Alessandra Durham

Alessandra Durham

Alessandra Durham helps county address diversity, addiction

Outreach is key for this senior analyst with the Snohomish County executive’s office.

This is one of 12 finalists for the Herald Business Journal’s Emerging Leaders award, which seeks to highlight and celebrate people who are doing good work in Snohomish County. The winner will be named at an event on April 12.

Name: Alessandra Durham

Age: 30

Profession: Senior analyst, Snohomish County

Hate incidents and the opioid crisis are two of the most daunting issues facing Snohomish County and the U.S. today. Alessandra Durham has had a hand in addressing both.

The senior analyst with the Snohomish County Executive’s Office has helped to put together efforts on equity and inclusion and separately treat the drug epidemic much like an outbreak of an infectious disease. She undertook both at the behest of her boss, Dave Somers.

For the first, Durham worked both in county government and in the community to connect with diverse leaders. Because of this work, the county co-sponsored a “Rally Against Hate” last summer as well as roundtables with Latino community and interfaith leaders.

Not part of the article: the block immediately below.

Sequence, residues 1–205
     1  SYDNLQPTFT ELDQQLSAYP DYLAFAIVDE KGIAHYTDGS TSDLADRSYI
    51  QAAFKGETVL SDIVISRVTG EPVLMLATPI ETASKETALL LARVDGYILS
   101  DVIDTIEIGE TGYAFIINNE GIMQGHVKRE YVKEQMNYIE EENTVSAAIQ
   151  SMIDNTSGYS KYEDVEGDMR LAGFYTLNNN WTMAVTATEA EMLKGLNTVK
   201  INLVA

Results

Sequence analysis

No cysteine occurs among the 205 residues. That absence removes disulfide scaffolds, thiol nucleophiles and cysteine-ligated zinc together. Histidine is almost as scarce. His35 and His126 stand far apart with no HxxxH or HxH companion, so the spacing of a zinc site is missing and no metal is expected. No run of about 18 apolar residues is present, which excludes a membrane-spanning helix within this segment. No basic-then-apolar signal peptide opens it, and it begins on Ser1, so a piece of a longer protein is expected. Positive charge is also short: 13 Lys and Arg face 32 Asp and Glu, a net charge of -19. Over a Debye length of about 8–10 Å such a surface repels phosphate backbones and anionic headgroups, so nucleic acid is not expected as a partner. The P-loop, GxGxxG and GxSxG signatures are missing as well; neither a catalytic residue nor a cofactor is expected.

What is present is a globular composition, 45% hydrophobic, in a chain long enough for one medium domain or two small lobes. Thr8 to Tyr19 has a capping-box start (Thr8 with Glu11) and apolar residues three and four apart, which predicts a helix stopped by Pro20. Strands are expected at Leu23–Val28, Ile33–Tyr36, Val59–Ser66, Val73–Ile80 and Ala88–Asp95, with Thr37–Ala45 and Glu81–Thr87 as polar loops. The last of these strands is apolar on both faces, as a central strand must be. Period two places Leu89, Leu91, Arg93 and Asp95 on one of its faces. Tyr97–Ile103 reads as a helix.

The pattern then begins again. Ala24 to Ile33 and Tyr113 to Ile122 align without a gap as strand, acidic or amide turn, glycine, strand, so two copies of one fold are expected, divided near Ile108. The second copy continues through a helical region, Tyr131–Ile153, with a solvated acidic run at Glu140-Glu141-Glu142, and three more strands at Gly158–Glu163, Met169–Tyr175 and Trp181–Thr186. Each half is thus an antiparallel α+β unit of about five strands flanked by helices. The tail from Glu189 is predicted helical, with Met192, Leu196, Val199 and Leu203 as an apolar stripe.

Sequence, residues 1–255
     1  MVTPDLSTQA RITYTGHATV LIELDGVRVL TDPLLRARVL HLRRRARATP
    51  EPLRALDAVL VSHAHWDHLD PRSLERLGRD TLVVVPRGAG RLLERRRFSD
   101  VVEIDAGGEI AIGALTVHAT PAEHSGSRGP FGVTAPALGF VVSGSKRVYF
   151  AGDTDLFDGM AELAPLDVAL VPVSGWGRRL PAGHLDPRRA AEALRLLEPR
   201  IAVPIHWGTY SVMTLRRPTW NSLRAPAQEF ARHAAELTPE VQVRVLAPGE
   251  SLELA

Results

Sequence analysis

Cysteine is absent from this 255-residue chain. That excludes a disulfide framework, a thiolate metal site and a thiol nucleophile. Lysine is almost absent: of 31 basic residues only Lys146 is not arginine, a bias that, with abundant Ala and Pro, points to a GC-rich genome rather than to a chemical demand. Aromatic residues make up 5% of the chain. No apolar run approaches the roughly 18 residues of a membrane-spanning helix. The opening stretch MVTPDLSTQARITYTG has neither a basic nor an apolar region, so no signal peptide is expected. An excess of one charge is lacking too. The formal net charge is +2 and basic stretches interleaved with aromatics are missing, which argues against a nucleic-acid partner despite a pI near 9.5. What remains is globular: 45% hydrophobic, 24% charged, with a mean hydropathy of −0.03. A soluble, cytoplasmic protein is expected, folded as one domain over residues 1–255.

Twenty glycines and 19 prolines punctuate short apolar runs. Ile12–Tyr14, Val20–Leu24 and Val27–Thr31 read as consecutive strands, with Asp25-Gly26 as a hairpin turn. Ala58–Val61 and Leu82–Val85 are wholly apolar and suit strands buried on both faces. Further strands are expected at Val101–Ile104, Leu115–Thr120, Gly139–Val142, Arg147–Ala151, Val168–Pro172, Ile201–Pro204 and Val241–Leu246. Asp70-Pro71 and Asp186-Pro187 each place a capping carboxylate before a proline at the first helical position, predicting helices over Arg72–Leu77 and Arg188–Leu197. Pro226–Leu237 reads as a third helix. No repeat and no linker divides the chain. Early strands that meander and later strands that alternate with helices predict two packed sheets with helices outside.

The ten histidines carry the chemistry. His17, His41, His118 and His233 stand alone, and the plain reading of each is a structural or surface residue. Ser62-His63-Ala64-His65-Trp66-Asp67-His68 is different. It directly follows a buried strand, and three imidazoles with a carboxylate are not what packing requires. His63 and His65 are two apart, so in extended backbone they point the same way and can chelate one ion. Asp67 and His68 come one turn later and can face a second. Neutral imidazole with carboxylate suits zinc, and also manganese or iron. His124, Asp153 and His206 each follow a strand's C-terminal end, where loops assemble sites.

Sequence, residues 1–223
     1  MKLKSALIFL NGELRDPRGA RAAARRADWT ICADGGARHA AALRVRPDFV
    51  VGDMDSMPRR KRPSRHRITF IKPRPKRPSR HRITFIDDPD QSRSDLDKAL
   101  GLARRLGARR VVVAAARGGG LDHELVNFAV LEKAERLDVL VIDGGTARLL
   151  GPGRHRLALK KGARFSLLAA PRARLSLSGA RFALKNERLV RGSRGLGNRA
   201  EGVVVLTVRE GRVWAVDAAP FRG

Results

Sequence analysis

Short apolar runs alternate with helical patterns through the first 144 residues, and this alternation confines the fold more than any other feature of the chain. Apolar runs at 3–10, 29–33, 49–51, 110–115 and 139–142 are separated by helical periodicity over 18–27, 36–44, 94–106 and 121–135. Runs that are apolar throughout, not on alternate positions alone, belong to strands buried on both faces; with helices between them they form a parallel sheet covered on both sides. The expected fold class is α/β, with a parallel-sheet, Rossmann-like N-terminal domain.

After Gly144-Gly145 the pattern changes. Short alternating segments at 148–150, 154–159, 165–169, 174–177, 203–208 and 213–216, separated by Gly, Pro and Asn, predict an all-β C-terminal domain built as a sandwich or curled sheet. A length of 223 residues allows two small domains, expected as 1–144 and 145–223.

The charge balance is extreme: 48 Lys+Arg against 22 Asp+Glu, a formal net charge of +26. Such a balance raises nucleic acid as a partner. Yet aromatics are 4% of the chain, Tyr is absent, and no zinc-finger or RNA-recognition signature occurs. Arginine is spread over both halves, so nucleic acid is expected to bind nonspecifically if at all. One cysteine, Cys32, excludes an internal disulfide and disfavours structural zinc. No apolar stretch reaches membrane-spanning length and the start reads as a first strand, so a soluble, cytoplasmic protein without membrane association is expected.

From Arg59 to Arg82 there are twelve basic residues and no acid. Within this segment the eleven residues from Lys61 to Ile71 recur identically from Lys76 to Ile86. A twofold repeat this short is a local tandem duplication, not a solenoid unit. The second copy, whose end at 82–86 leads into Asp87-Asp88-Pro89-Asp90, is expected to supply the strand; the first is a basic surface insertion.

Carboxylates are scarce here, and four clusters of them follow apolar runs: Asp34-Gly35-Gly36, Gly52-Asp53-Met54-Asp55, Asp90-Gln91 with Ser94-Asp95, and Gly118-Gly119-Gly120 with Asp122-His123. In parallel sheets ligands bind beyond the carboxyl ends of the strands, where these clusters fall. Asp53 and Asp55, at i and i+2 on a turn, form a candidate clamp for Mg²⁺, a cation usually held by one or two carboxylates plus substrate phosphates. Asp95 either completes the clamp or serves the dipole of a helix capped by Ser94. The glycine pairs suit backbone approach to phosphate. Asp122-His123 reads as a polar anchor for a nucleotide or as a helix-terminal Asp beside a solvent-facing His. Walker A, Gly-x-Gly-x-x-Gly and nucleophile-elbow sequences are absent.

More events this year include a Coffee, Cake and Islam session prior to Ramadan and Snohomo Pride at Willis Tucker Park this summer.

“We still have a distance to travel to achieve a more inclusive and equitable county, but we have started the process to adapt as a county to our changing demographics and needs,” Durham writes.

She worked on creating a coalition that brings together public health, law enforcement and emergency management officials to confront the ongoing addiction crisis.

“It was important that we find a way to lead across the region without giving our local partners reason to doubt our intentions or assume we were working to take resources away from anyone’s efforts,” Durham wrote.

Outside of that work, Durham also has volunteered for or supported a wide variety of organizations including Habitat for Humanity, United Way, Dawson Place and in various roles at her church, St. Thomas More Parish in Lynnwood.

“These organizations have something in common: they serve those in our community who are sometimes pushed to the margins and need space to grow and celebrate their lives,” Durham writes.

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